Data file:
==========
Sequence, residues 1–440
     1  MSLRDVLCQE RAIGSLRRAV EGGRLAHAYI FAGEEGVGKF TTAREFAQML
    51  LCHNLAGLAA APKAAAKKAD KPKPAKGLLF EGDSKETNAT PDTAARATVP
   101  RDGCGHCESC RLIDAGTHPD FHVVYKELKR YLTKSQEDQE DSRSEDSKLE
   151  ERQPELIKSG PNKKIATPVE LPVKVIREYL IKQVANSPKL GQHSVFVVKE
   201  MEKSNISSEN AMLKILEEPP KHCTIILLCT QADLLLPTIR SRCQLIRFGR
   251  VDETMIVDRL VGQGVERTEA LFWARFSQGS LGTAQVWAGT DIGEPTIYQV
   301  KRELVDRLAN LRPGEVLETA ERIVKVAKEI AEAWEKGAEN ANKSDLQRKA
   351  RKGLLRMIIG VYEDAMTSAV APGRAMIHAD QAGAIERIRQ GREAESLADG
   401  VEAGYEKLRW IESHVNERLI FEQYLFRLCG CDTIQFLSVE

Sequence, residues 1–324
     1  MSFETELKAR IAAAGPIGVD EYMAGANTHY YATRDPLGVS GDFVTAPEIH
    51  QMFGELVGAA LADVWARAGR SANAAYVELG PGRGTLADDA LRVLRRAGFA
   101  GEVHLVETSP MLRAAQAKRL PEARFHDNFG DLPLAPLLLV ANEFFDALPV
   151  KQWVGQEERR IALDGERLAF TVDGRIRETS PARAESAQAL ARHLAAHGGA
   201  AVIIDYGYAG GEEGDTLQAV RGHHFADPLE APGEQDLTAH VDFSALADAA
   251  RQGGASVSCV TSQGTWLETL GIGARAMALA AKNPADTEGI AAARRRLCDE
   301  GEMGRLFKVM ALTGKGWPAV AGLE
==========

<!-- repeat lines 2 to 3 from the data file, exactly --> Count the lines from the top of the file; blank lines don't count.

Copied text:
     1  MSLRDVLCQE RAIGSLRRAV EGGRLAHAYI FAGEEGVGKF TTAREFAQML
    51  LCHNLAGLAA APKAAAKKAD KPKPAKGLLF EGDSKETNAT PDTAARATVP